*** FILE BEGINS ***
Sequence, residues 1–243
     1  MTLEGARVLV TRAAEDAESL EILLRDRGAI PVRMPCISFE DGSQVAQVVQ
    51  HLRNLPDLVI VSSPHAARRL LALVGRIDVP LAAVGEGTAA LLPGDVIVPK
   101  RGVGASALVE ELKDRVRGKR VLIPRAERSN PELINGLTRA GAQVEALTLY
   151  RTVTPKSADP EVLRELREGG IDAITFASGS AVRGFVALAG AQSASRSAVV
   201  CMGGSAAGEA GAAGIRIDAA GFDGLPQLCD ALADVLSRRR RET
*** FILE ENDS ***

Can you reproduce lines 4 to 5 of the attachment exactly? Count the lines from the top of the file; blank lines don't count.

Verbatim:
   101  RGVGASALVE ELKDRVRGKR VLIPRAERSN PELINGLTRA GAQVEALTLY
   151  RTVTPKSADP EVLRELREGG IDAITFASGS AVRGFVALAG AQSASRSAVV